Plankenwarth Castle or Plankenwarth Castle is a hill fort turned into a castle in Sankt Oswald near Plankenwarth in Styria. Its history can be demonstrated until the 13th century. A little further down, on the northern slope of the castle hill of the present castle is the Ludwigsburg, which was built by Ludwig Stürgkh in the 16th century and later served as a square and courtyard.
Schloss Plankenwarth History
The castle is mentioned for the first time on February 24, 1265 in a document. Probably it was a free property of the masters of Plankenwarth, who served as the ministerial sovereign princes and from 1179 are detectable. In the 14th century, the bridge guardians were replaced by their correlates Timmersdorf and Pranckh as lords of the castle. Around the year 1430, the castle was inherited by the lords of Ungnad, who from 1456 were authorized to wear the coat of arms of the Plankenwarther, in the meantime extinguished. The lords of Ungnad had the estate run by paid caretakers. In 1532 Andre von Ungnad sold the neglected castle to the merchant of Graz Georg Stürgkh of the von Stürgkh family. Georg's son, Ludwig, was disinherited and therefore, with the consent of his brothers, he had his Ludwigsburg, which took its name, just below the present castle. The sons of Ludwigs had to sell Ludwigsburg because of high debts with his brother Christof after his death. Later it served as a square and courtyard.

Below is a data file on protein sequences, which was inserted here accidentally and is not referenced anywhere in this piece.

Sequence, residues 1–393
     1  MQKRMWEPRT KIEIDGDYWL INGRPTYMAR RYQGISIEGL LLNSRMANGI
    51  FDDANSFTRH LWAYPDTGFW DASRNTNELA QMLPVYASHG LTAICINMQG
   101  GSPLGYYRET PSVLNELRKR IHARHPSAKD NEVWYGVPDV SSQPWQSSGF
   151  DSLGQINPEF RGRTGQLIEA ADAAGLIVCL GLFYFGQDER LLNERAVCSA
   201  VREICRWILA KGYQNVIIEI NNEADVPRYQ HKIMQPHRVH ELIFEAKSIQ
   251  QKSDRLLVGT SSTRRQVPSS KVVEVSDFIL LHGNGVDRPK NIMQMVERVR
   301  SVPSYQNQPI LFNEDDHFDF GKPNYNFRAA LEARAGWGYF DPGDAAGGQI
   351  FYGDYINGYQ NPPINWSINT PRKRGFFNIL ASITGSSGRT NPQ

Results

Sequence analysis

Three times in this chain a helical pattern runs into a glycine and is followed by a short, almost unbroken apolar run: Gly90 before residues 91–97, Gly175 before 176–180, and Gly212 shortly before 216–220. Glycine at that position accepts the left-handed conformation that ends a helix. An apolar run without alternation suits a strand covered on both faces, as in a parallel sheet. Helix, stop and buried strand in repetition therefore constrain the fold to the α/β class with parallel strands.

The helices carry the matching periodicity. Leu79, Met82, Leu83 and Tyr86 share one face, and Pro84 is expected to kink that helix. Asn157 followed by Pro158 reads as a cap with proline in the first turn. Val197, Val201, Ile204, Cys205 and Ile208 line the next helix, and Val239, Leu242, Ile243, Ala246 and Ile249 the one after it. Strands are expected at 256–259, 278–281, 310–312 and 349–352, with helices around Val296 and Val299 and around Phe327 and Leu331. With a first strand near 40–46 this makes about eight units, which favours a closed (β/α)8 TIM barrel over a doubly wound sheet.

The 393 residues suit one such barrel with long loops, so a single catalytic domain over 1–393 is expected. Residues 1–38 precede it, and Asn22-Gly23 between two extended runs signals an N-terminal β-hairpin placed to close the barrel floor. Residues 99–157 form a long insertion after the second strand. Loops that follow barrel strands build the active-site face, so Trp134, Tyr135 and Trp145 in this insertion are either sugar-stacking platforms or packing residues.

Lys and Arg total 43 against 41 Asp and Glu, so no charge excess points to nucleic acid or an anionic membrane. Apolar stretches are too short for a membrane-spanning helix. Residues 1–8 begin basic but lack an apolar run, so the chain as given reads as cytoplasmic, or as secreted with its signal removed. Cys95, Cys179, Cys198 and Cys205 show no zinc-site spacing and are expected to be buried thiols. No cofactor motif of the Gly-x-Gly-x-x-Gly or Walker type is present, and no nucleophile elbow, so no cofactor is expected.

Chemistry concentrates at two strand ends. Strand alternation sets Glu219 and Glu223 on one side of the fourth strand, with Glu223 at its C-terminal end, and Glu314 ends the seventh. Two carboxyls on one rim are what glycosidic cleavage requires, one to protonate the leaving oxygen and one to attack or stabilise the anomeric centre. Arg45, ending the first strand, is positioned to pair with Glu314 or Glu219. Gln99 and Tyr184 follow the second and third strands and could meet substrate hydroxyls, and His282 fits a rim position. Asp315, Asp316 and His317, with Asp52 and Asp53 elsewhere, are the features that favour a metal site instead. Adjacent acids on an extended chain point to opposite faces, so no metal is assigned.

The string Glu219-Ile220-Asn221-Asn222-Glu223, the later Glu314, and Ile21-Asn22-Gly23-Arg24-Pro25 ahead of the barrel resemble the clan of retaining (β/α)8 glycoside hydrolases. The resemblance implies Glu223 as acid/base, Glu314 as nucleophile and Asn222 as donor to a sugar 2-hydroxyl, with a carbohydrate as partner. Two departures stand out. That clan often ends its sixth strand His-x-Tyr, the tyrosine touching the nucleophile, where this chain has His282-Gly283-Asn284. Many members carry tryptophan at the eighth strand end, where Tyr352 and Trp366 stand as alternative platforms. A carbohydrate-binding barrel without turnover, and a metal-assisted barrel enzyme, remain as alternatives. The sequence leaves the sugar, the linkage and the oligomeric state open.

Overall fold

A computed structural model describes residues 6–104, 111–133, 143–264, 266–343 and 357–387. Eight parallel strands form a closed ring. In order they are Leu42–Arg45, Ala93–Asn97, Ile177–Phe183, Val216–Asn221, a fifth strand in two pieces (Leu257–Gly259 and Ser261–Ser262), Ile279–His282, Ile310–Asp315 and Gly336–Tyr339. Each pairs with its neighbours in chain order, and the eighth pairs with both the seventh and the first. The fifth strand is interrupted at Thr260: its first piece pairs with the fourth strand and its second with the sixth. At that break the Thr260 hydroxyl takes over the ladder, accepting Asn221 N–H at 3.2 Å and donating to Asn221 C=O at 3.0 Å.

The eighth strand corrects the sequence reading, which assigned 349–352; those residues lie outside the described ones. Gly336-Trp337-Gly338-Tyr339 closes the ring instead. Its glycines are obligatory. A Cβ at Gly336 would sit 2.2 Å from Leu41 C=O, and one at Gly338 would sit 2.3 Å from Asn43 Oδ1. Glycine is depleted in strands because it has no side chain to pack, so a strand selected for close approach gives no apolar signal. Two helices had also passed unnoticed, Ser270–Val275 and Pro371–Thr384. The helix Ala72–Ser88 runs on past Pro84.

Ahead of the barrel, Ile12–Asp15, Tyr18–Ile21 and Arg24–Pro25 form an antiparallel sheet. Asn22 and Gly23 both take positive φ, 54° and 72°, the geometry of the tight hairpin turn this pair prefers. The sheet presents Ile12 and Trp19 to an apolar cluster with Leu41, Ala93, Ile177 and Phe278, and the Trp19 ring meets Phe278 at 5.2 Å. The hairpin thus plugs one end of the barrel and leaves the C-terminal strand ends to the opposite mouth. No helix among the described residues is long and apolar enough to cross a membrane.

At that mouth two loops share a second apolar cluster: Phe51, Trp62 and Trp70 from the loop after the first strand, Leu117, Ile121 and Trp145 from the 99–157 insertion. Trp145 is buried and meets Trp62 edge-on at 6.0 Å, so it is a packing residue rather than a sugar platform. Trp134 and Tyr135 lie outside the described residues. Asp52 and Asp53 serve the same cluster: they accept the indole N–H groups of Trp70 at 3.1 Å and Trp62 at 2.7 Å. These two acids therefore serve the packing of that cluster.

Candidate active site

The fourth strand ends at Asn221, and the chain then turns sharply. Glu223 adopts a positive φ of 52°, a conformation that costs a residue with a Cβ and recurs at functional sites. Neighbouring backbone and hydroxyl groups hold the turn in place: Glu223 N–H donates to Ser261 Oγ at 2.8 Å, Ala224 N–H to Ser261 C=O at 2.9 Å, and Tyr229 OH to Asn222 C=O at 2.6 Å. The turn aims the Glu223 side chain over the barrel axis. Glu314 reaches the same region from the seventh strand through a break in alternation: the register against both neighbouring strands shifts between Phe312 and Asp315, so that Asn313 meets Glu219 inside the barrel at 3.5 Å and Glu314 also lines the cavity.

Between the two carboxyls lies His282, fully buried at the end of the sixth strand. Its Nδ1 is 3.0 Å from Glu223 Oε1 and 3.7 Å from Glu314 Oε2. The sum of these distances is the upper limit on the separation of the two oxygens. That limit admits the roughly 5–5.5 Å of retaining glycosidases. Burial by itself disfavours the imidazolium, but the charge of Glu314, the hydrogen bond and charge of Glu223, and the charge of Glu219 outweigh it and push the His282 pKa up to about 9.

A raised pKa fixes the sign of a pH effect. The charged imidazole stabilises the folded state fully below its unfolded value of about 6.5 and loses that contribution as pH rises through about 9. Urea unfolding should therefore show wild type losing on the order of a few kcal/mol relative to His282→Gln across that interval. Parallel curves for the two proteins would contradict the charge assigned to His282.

Towards the end of the 16th century, a chalk fire was established in the castle. In 1699 the estate passed to Johann Georg Graf Saurau, who was related to the Stürgkh family. In the following years, the estate often changed hands before arriving in 1739 in the possession of Johann Seifried von Herberstein. Under his brother Karl Leopold, the castle was enlarged in 1754 into a Baroque castle. From 1791 to 1826, the castle was again owned by the Stürgkh family. Again there were frequent changes of ownership, it was the Protestant Emilie Sarah Engelbronner d'Aubigny, who had acquired from her marriage to the British colonel the title of "General", until her death in 1849, master of the castle. She was buried on the nearby Brennkogel, which has since been called the Generalkogel. Ignaz von Scarpatetti acquired the ruined castle in 1913. He had the property completely renovated and modernized to use it until 1954 as a sanatorium. During the Second World War, parts of Ludwigsburg collapsed and had to be restored. Ludwigsburg then received a new foundation in 1956. Since 1981, the castle has been privately owned.